Automation Records is a Seattle based independent record label. The label’s first release was in 2003 and as of 2009 the label has nineteen releases.
Automation Records roster of artists include Abiku, Cex, DJ Strapon, Gonken, Hopen, Kid Camaro, Mr. Messiah, nonnon, Red Squirrels, and Uglyhead. – Wikipedia
Note – All of the label’s releases are available for streaming here.
Nonnon – The Entitlement Generation
Nonnon is just one of many alter egos of David Madden and “Entitlement” is a follow-up to “Death Of Convenience”, which came out in 2005 on Ad Noiseam label.
Its a record made for robots (or aliens, at the very least), which somehow made it into the hands of humans. “Entitlement” could inspire plenty of giant robotic dance parties, since its chock full of weird rhythms, electronic effects and jagged beats.
On the other hand, its hard to imagine the kind of circumstances in which robots or aliens would understand a reference to Steinski or Coil, so humans would definitely enjoy this one.
Hopen – Shark’s Wife
And more of groovy glitchery – this time from Switzerland’s project Hopen (a.k.a. Childe Grangier). While it shares some of the atmosphere with”Entitlement Generation”, at its core “Shark’s Wife” seems be even more abstract and darker sort of record.
“Sharks Wife” brings together fragments of ghost voices (“Confusions 1”, “African Ships”), samples from old blues records (“Rathmines”) and sped-up electronic sounds (“Misc. Parts”). All of this may sound like a bizarre and unlikely combination, but music on “Wife” definitely makes for one unusual trip (especially if you’re an open-minded kind of listener and/or know the genre very well).
Mochipet – Cowgirls Get The Pets
This is the first album that Mochipet (a.k.a. David Wang) recorded for Automation Records and prior to release of “Cowgirls” he worked with Tigerbeat6, Violent Turd and Daly City Records (among many others).
His previous album contained stabs at anything from country to hip-hop (and references to anyone from Master P to Johnny Cash to Cash Money Millionaires). As song titles on “Cowgirls” indicate, this album is not about specific performers – in there’s two names of imaginary genres, both of which have something to do with dub (“The Dubscrew” and “Dubcore”) and two random song titles (“Dirty Rider” and “Bottom Out”).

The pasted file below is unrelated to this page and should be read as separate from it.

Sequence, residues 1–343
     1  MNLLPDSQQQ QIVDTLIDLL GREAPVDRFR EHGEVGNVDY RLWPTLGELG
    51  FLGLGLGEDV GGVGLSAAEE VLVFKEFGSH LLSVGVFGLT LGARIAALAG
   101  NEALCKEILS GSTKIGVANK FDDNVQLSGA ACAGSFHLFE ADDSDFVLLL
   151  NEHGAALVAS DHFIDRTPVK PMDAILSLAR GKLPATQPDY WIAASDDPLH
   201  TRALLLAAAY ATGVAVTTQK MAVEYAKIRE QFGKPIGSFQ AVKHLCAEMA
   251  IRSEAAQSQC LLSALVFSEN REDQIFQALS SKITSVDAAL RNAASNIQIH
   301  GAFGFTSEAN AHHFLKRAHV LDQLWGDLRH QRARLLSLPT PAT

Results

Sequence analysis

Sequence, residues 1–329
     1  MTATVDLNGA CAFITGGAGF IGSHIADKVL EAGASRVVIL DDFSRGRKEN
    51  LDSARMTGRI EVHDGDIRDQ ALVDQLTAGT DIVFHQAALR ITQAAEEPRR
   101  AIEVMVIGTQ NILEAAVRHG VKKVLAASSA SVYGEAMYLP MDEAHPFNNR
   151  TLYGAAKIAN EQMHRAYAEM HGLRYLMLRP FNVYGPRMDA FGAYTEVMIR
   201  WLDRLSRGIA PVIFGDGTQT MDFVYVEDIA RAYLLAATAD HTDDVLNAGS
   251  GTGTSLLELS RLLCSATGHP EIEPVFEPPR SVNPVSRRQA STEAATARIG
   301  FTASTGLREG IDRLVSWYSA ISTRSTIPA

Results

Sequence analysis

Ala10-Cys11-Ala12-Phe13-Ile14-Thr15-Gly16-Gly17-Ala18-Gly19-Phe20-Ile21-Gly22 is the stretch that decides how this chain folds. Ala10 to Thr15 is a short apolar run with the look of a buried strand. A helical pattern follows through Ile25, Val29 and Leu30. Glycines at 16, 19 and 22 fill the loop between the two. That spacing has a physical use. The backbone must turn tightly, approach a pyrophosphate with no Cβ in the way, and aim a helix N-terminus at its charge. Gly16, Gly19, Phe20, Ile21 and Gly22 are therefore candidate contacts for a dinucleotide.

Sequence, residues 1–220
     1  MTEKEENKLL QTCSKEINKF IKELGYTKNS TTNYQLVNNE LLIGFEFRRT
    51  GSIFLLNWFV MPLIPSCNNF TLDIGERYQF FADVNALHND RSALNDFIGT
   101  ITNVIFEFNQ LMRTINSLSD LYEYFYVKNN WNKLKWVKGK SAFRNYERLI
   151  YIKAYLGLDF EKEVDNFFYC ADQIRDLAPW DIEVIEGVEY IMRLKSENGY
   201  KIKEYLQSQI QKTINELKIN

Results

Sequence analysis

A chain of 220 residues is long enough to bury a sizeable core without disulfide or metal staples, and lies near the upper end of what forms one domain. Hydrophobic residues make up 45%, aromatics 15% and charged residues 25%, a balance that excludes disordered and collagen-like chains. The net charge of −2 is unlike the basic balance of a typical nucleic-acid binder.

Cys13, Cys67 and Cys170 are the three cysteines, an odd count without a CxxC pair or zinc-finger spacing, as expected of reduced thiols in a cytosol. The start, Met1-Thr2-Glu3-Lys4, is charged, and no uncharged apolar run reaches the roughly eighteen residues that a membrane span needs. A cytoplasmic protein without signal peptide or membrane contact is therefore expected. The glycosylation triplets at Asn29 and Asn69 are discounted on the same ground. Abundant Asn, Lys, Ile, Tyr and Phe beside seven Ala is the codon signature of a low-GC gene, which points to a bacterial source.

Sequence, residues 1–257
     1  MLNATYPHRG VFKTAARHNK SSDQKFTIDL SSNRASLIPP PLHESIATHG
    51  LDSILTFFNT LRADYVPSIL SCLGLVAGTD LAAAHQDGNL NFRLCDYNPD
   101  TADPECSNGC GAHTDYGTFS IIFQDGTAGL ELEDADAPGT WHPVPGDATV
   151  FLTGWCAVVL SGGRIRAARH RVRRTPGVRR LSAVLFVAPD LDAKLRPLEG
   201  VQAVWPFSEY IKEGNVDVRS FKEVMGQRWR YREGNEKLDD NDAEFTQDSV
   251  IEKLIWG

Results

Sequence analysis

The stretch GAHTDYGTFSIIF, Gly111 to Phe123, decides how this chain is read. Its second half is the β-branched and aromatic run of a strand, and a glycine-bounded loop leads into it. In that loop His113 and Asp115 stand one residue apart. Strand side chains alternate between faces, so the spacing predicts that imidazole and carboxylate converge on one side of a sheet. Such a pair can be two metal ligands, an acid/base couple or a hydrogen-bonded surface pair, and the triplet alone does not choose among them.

The album is almost entirely instrumental (save for a sample in the beginning of “The Dubscrew”) and its far from being a conventional dance record, but still feels dance-floor friendly, strangely enough. With its foundation of glitchy beats and eerie samples and noises, it also sounds like a good candidate for sampling by rap/hip-hop artists.
In any case, those 4 tracks are quite good – and they don’t sound like a parody of something else (which is often the case with breakcore/laptop artists work). Indeed, its a standalone work and it sounds quite bouncy, so it wouldn’t be a surprise to hear it in the clubs, along with all the crunk/hip-hop and dance stuff.
Reviews: Cyclic Defrost
Thrill Jockey Records is an American independent record label established in 1992 in New York City by former Atlantic Records A&R representative Bettina Richards. – Wikipedia
Sam Prekop – Old Punch Card
Prekop is best known as a member of The Sea And Cake / Shrimp Boat and this is his first solo album in five years. Those who associate his name with post-rock/indie-rock should look somewhere else – “Old Punch Card” is a record of experimental variety, with nary a vocal or conventional song structures anywhere in sight, but plenty of electronic sounds/noises.
Title track resembles someone playing with a broken toy synthesizer – there’s all sorts of bleeping and blooping sounds but they eventually give way to a melody. And, in fact, the entire album seems to be built around this idea – there’s plenty of noises, but most of them are playful /non-violent and they serve as a backbone for any melodies that eventually emerge out of randomness. Indeed, much like press kit points out, this record does owe something to the likes of BBC Radiophonic Workshop and Raymond Scott.